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Pediatrics. 1984 Mar;73(3):387-93.

Vitamin E and necrotizing enterocolitis.

Abstract

Although vitamin E has been shown to reduce the incidence of severe sequelae from retrolental fibroplasia, there have been recent suggestions that its use may be associated with an increased incidence of necrotizing enterocolitis (NEC). A review was made of experience with vitamin E, both intramuscular and oral, and NEC over a 4 1/2-year period. Of 418 infants of birth weight less than 1,500 g admitted during this period, 28/209 infants who had received vitamin E had definite NEC (13.4%) compared with 12/209 who had not received vitamin E (5.74%, chi 2 = 7.07, P = .008). For infants of birth weight less than 1,250 g, 16/103 infants who received vitamin E developed NEC v 1/159 who had not (chi 2 = 21.1, P less than .001); the incidence of NEC was not significantly different between the two groups for infants with birth weight between 1,250 to 1,500 g. The early mortality (less than seven days) for infants with birth weight of 1,500 g or less was significantly greater for those who had not received vitamin E (43.5% v 13.8%, chi 2 = 44.9, P less than .001), most probably a reflection of the omission of this drug for the most critically ill infants in this retrospective review. The incidence of NEC was not different for infants with birth weight of 1,500 g or less who received intramuscular vitamin E compared with control infants from the same period. For those infants for whom serum tocopherol levels were available, no infant who developed NEC and who had received only oral vitamin E had a serum tocopherol levels of greater than 3.5 mg/100 mL.(ABSTRACT TRUNCATED AT 250 WORDS).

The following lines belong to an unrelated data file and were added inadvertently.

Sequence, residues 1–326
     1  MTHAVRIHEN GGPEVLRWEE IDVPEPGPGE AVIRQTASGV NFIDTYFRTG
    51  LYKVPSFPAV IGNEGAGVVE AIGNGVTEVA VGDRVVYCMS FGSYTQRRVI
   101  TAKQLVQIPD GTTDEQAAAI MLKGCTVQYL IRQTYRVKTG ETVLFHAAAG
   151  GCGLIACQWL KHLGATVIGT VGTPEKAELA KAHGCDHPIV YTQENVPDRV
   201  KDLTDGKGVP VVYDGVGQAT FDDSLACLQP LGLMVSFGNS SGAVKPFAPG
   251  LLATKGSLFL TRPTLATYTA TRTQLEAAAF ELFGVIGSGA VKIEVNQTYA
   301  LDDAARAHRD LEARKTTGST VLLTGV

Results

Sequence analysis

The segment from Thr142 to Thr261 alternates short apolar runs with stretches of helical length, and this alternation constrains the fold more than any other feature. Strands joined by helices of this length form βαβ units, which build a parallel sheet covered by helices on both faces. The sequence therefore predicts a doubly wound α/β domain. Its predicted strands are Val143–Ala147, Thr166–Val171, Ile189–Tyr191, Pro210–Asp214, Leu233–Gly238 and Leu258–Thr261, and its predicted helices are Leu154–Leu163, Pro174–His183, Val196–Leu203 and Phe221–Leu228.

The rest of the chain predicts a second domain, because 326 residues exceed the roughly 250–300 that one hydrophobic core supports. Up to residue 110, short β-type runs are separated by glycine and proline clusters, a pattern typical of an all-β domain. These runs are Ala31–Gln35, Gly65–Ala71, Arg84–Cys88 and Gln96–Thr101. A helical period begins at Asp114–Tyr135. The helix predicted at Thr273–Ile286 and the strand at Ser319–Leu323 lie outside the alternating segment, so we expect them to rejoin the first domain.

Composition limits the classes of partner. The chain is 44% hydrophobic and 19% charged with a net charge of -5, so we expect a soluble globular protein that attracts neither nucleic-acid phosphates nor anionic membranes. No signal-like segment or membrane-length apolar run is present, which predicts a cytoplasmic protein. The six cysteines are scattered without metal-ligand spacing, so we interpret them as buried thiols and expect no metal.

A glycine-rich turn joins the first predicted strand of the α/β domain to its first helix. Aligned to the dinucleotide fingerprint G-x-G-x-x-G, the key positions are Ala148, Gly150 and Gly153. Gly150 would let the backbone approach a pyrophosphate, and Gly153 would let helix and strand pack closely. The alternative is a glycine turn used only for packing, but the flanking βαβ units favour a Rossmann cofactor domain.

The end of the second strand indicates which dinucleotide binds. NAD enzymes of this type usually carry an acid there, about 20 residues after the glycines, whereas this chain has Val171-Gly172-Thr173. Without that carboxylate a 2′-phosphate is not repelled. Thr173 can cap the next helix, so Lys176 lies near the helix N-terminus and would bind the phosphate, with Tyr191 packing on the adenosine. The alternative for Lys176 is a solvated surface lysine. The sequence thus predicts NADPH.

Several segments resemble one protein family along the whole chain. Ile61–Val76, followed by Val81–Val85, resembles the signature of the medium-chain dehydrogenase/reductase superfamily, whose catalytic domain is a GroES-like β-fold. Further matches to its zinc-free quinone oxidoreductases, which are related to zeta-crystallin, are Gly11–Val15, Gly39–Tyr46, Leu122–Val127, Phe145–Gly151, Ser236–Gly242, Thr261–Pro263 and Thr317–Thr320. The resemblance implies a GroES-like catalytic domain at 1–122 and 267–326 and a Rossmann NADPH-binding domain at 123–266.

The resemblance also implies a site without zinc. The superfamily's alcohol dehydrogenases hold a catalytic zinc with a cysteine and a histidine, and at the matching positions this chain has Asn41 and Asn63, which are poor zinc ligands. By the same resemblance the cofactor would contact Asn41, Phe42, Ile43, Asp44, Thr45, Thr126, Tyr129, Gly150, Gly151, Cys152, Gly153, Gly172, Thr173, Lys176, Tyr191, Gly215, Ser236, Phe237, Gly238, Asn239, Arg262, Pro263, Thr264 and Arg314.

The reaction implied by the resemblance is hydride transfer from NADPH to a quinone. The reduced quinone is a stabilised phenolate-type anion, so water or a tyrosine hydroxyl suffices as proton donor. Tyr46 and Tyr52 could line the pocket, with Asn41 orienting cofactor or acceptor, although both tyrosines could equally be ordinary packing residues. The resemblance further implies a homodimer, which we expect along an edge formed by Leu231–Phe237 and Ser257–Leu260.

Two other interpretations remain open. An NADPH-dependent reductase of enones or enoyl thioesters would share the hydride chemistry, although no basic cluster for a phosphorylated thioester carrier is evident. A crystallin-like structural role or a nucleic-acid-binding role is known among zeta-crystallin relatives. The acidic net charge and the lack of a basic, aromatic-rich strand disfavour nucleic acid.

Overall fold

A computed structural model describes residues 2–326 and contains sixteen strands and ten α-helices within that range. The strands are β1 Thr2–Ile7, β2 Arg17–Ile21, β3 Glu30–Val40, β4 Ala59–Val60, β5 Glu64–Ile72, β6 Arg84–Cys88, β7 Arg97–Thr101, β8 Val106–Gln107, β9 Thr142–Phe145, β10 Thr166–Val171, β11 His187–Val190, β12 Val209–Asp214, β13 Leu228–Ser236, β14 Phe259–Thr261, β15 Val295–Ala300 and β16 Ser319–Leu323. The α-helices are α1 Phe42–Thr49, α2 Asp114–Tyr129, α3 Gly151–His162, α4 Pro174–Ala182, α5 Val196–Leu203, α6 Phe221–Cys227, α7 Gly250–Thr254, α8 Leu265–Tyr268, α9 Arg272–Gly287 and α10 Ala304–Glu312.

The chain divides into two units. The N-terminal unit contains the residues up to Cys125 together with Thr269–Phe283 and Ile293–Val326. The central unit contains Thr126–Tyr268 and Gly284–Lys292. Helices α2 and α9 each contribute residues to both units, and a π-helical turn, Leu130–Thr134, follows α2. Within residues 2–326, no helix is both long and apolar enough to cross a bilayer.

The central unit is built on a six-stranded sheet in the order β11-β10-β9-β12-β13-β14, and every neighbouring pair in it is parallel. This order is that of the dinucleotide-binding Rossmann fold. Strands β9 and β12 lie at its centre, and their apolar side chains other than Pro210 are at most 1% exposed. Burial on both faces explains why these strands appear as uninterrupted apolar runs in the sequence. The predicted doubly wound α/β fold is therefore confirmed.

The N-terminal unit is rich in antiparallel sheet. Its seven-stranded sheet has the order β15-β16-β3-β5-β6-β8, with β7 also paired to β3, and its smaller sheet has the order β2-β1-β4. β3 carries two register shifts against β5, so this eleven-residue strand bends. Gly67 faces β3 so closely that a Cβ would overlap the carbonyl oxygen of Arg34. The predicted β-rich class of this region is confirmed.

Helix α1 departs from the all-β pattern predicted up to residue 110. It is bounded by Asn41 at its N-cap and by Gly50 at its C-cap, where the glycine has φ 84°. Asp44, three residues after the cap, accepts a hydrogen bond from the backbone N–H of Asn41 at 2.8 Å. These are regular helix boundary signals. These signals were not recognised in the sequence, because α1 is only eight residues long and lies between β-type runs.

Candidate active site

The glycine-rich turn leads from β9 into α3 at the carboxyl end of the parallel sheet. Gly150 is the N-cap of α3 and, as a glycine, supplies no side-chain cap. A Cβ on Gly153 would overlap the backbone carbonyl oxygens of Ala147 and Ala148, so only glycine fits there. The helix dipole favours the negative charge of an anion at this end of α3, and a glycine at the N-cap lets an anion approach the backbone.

PMID:
6546616
[Indexed for MEDLINE]
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